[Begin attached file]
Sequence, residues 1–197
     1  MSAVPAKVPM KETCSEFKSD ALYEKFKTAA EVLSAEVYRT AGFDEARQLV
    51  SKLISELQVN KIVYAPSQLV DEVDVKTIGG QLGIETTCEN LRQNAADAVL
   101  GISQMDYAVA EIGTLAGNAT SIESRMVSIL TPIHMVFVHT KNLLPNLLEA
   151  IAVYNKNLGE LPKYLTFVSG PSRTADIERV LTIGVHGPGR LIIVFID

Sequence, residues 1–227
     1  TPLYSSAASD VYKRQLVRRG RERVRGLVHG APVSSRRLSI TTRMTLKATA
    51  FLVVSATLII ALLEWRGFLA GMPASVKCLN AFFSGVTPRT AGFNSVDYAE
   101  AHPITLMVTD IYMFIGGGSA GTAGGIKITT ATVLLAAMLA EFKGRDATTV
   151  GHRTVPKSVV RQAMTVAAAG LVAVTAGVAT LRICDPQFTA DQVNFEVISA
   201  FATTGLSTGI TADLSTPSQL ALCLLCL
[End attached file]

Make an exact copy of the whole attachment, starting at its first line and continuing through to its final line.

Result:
Sequence, residues 1–197
     1  MSAVPAKVPM KETCSEFKSD ALYEKFKTAA EVLSAEVYRT AGFDEARQLV
    51  SKLISELQVN KIVYAPSQLV DEVDVKTIGG QLGIETTCEN LRQNAADAVL
   101  GISQMDYAVA EIGTLAGNAT SIESRMVSIL TPIHMVFVHT KNLLPNLLEA
   151  IAVYNKNLGE LPKYLTFVSG PSRTADIERV LTIGVHGPGR LIIVFID

Sequence, residues 1–227
     1  TPLYSSAASD VYKRQLVRRG RERVRGLVHG APVSSRRLSI TTRMTLKATA
    51  FLVVSATLII ALLEWRGFLA GMPASVKCLN AFFSGVTPRT AGFNSVDYAE
   101  AHPITLMVTD IYMFIGGGSA GTAGGIKITT ATVLLAAMLA EFKGRDATTV
   151  GHRTVPKSVV RQAMTVAAAG LVAVTAGVAT LRICDPQFTA DQVNFEVISA
   201  FATTGLSTGI TADLSTPSQL ALCLLCL